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>> well, before smartphones and social media there was another way to pass the time - the
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crossword puzzle. today is its 100th birthday. phil lavelle has many clues to its history and tells us why it is not about to fade away. >> languages may differ, but the black and white boxes, you know what they mean? >> what is that? >> it's a crossword. >> keeping us from work, confusing us over coffee. this was the first ever, published is the u.s. the author didn't copyright it which for him was a 15 acrossar major fail in today's language. >> you need to just about be able to solve it. >> phil does his with a cup of tea. that's problem solving and creating. he's a crossword editor, when it comes to tough clues, he wrote the book - this one, in fact. >> the aim is the penny drop moment, the goal of a cryptic
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crossword clue, the moment when you get it and say, "yes." here is a clue that had many a fan flum oxed. 58 letters, see how you fare. . have a think the answer in a moment. here is a hint. it's as place. speaking of places this place has its unique relationship with the crossword. this is bletchley park. during world war ii, behind the windows and doors. some of britain's biggest games were working on the ultimate puz, cracking codes. candidates were given a copy of the the "the daily telegraph" and its difficult crossword. the goal was to complete it in under 12 minutes. >> crossword people were good at
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filling in the gap. five of the letters formed part of the word and the rest in the group. >> he would have been snapped up. "the times" champion six times on the run. he could get through not one, not two, but three cross words. it's all about technique. >> you can look at a clue if you are familiar with the devices used with key wards. you can play with the word in the clue and figure it out. >> speaking of figuring it out. here is the answer to the earlier one. guessing is one thing, pronouncing it is another. not that it matters, it's just for mun. phil lavelle with a massive headache. >> speaking of words, for the fifth straight year whatever is the word americans hate to hear the most. it is getting even more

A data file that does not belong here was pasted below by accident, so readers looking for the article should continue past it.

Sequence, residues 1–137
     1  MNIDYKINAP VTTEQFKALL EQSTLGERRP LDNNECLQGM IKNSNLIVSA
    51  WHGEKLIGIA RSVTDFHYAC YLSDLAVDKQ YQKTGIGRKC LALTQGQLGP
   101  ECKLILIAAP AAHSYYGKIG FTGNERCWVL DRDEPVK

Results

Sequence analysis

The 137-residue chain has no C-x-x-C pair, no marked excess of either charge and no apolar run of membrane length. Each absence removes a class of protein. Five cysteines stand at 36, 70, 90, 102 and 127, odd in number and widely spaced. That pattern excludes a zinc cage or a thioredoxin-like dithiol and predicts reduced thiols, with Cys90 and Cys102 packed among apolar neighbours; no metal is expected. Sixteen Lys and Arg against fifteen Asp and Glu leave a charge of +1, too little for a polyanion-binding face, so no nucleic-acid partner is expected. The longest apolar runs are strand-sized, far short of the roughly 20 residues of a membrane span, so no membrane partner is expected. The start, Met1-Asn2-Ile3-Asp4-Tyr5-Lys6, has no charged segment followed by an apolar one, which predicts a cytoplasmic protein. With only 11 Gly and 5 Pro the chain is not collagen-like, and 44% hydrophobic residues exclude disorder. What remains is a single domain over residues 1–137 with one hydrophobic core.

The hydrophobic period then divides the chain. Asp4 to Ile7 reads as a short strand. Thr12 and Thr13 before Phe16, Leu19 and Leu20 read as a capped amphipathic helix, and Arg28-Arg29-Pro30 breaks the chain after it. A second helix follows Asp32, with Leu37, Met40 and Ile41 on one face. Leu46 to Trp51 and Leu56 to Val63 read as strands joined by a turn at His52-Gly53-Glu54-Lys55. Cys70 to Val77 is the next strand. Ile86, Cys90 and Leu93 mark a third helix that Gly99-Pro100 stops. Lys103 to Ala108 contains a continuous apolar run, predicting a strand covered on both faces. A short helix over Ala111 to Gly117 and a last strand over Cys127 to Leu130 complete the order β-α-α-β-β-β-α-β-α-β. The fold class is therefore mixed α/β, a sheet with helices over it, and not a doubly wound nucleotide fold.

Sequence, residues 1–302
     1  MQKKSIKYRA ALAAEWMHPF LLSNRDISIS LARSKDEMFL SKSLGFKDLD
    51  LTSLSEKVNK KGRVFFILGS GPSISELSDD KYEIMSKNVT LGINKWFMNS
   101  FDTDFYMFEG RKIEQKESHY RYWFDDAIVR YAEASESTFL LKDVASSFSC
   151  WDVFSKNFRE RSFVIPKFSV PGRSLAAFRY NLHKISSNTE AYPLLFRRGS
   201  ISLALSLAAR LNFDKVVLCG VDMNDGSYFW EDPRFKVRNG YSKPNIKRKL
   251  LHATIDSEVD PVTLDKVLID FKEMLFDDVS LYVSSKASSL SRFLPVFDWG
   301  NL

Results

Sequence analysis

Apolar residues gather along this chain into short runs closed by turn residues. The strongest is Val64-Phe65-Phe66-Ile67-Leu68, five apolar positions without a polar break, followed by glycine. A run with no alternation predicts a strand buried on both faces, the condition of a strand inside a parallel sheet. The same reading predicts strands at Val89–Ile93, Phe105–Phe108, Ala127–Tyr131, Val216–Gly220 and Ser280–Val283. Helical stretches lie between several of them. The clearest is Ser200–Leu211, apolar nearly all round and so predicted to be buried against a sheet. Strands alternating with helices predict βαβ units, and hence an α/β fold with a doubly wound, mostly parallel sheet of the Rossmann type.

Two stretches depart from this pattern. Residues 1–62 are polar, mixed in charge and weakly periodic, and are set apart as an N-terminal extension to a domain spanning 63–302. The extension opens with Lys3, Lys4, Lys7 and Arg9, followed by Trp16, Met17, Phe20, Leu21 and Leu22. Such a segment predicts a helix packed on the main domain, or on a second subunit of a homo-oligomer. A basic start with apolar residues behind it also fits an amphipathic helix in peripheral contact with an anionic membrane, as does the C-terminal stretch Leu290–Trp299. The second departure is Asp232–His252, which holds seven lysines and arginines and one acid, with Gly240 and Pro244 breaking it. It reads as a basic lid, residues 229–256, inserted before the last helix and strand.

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annoying. a poll found 38% of people find it the most annoying word or phrase, up 32% last year. in second the word like with 22%, you know, is third at 18% and fourth was just saying. and the least annoying poll with 6%, obviously. just saying it makes me cringe a liltment. whatever, whatever, like, i hate the words. before we go we'll check on jalelah ahmed. >> very serious across the south, in texas. tornado warges across central portions of louisiana. an area of low pressure making its way to the north-east. drawing up a tonne of moisture. a potent cold front. a tornado warning across portions of north central louisiana, jackson perric,
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lincoln perish, including ruston, louisiana union paris, louisiana as well. that goes until 4:15. this tornado watch goes into effect until 6 o'clock tonight central time as well. >> further to the north, around the memphis area, a tornado warning issued. it has since expirt, but a thunderstorm pushes across areas to the east of memphis. we'll monitor through the course of the night, western portions of mississippi. tornado warnings and severe thunderstorm watches stretching all the way from portion of louisiana and arkansas and eastern portions of texas. it will be a tough night because warm air continues to surge in the gulf, creating instability
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in the atmosphere. >> into this is al jazeera america live from new york. i'm jonathan betz with the headlines today. with south sudan on the brink of a full-blown civil war, president obama is a warning against attempts to seize power through force, saying doing so would cost the country the support of the united states and other occasions. they continue to evacuate americans. >> there's renewed violence in the central african republic, 30 were gild, including a peace-keeping soldier. memorials were held at lockerbie scotland, and